About this Journal Submit a Manuscript Table of Contents
Journal of Skin Cancer
Volume 2012 (2012), Article ID 396481, 3 pages
http://dx.doi.org/10.1155/2012/396481
Clinical Study

Pulsed Dye Laser Does Not Seem as Effective as Red Light in Basal Cell Carcinoma Mal-Pdt: A Small Pilot Study

Departament of Dermatology, Alcalá de Henares University, Carretera de Colmenar Km 9,100, 28034 Madrid, Spain

Received 11 August 2012; Accepted 25 September 2012

Academic Editor: M. Lebwohl

Copyright © 2012 M. Fernández-Guarino et al. This is an open access article distributed under the Creative Commons Attribution License, which permits unrestricted use, distribution, and reproduction in any medium, provided the original work is properly cited.

Abstract

Multiple light sources can be used for photodynamic therapy (PDT) with good results, but there are few comparative studies. This study compares the efficacy of treatment of basal cell carcinoma with PDT and two light sources, the non-coherent red light and pulsed dye laser 595 nm. In this small pilot study red light is more effective, but many more studies are needed to draw definitive conclusions.


A variety of light sources, coherent and not coherent, have been demonstrated efficacy in photodynamic therapy (PDT) but there is an absence of comparative studies in clinical practice. Red light LED is probably the most used for conventional PDT [1] and pulsed dye laser 595 nm (PDL) is among the coherent light the most appropriate for PDT although its parameters have not been well defined [2]. Our objective was to compare both light sources in methylaminolevulinic acid (MAL) PDT for superficial basal cell carcinoma (BCC).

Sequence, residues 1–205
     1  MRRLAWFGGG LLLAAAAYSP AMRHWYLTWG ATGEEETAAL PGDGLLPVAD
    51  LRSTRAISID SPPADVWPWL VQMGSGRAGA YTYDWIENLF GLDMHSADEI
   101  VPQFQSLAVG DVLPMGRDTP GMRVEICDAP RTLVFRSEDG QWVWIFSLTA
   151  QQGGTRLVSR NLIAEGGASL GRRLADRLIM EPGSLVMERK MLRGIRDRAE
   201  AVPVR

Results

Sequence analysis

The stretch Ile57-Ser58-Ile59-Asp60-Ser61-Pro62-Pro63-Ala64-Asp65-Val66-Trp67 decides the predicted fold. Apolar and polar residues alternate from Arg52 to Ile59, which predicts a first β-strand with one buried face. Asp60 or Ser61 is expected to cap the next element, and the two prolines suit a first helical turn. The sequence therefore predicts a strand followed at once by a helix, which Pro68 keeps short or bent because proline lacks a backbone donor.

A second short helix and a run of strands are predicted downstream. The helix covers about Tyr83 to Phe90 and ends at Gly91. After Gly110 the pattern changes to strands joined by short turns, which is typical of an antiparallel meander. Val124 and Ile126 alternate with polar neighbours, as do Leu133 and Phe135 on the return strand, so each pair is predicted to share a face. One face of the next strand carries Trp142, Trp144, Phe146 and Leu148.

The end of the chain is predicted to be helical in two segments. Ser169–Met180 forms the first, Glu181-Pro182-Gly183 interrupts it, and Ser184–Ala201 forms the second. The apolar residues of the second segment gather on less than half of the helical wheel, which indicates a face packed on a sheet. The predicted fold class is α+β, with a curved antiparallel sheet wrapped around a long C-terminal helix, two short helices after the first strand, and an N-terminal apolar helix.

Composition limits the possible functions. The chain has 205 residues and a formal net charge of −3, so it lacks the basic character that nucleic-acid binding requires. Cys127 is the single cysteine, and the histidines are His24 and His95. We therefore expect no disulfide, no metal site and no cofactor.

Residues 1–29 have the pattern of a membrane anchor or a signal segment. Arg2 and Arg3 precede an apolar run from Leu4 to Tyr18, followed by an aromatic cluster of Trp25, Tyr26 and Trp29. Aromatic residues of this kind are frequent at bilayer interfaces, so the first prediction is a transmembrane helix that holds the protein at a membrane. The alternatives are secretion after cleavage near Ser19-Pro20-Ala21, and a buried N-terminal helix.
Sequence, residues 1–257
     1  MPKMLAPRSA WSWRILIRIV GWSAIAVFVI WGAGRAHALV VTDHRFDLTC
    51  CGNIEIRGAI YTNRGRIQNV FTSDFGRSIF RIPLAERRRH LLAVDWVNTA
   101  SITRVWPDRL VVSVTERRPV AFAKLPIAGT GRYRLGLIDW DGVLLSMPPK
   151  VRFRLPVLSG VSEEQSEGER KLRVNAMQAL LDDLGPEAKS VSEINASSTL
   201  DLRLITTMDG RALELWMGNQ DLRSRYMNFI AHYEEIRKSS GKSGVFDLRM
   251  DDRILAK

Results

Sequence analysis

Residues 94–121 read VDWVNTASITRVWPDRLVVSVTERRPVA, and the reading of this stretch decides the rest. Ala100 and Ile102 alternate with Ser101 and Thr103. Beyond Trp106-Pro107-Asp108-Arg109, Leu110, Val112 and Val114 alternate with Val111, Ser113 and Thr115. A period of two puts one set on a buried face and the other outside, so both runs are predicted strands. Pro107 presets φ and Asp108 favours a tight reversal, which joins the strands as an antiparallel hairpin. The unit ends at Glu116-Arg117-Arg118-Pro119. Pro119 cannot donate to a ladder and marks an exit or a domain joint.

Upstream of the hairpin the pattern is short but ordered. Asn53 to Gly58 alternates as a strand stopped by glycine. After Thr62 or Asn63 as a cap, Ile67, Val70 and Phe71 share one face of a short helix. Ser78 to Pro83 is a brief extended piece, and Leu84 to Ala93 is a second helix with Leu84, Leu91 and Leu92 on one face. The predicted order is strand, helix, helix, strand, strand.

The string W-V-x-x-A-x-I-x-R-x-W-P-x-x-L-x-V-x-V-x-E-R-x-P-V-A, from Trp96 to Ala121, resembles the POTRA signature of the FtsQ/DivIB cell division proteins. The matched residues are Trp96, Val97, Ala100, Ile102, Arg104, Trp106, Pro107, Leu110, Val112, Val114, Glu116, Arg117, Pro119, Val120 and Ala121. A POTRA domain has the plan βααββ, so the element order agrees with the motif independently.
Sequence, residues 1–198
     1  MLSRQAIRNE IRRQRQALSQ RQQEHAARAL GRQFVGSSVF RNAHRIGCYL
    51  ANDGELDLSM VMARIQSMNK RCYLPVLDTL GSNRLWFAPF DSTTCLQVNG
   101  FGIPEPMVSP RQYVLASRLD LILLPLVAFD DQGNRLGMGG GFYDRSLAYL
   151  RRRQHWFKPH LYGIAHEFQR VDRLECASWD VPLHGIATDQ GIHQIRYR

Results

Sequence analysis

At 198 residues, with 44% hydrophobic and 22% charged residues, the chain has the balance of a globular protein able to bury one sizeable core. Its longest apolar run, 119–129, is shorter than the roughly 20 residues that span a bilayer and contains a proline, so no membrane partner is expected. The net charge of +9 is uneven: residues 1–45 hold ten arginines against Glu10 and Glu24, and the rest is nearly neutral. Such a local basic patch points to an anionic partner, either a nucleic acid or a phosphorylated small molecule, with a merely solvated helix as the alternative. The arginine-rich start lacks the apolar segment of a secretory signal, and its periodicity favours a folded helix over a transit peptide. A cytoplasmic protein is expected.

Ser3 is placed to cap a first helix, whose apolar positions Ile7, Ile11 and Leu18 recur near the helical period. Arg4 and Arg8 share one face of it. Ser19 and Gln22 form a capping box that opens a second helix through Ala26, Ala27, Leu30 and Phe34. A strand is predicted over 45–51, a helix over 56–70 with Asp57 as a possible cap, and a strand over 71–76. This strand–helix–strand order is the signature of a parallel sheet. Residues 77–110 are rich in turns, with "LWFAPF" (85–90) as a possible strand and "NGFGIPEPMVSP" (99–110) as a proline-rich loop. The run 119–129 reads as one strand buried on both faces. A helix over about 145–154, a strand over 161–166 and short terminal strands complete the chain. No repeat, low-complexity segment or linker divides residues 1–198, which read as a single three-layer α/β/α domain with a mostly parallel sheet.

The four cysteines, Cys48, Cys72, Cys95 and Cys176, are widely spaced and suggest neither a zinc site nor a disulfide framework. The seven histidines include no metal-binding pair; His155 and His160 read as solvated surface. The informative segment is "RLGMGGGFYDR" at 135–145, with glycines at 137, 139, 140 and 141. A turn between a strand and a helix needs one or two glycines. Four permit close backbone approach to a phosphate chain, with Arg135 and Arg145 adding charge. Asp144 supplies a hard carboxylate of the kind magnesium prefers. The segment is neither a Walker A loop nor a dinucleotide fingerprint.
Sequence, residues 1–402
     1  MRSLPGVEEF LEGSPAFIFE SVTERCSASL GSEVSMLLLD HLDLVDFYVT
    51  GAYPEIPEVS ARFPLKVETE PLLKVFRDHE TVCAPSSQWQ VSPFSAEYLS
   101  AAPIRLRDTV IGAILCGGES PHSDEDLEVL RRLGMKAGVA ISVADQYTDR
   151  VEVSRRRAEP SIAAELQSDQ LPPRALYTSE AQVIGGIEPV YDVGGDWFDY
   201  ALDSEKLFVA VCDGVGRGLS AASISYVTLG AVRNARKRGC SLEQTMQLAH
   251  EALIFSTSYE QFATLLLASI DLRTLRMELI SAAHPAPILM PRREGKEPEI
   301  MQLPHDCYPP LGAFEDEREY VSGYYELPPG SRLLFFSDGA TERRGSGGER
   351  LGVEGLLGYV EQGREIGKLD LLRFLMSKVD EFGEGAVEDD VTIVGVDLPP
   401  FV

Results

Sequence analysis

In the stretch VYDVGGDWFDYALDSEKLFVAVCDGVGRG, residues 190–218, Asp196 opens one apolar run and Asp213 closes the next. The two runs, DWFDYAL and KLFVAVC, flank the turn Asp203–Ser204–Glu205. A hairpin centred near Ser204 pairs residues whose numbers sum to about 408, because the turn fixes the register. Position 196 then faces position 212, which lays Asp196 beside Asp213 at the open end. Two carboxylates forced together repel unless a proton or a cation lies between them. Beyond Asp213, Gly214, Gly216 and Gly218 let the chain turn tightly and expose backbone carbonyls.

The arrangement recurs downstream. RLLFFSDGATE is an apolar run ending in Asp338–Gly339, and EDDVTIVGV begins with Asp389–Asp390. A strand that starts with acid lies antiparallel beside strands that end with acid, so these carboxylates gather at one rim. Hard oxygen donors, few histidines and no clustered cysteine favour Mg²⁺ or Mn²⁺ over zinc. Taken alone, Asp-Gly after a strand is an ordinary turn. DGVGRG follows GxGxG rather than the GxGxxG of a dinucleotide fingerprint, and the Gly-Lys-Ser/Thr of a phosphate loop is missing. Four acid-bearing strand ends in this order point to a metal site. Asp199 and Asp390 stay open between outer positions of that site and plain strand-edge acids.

A small pilot study was performed selecting superficial histologically confirmed BCC with a diameter greater than 3 centimeters. One half of the lesion was treated with conventional PDT, MAL occluded 3 hours, and red light (630 nm 37 J/cm2, 8 minutes, Aktilite) and the other half of the lesion was treated with MAL occluded 3 hours and PDL 595 nm ( 7 mm, 6 ms, overlap 50%, three passes, Candela Vbeam). A total of 2 sessions one week apart were applied and clinical response was assessed at 0, 3, and 6 months after the treatment. Previous to treatment clinical and fluorescence photographs were taken and tolerance in each half was evaluated in an analogue scale by the patient (from 0 to 10). At first, the order of the application of each light would be randomized, but when red light was applied only in one half of the BCC the whole lesion photobleached, so PDL was applied always first in order to evaluate fluorescence diagnosis.

A total of 6 patients and 6 BCCs were treated (see Table 1). The average diameter of the lesions was 3.5 cm (range 3-4). Five of the patients achieved complete response with red light and incomplete with PDL. Figure 1 shows an image of a basal cell carcinoma treated with red light in a half and laser in the other half. Patient number 3 did not response to any treatment. Fluorescence pretreatment was always positive, but only photobleached in the half treated with red light. The half treated with PDL, after red light in the other half, also photobleached, but not after PDL illumination. Tolerance was better with red light, with a mean of 4 points (range 2–9) than with PDL with a mean of 7,5 points (range 3–10).

tab1
Table 1: Summary of the patients and treatment outcome.
396481.fig.001
Figure 1: A basal cell carcinoma treated with PDT. The right half was treated with PDL and the left half with red light. Previous to the second session less inflammation was observed in the right half. A week after treatment less crustal formation appeared in the left half. After three months partial response is showed in the half treated with PDL.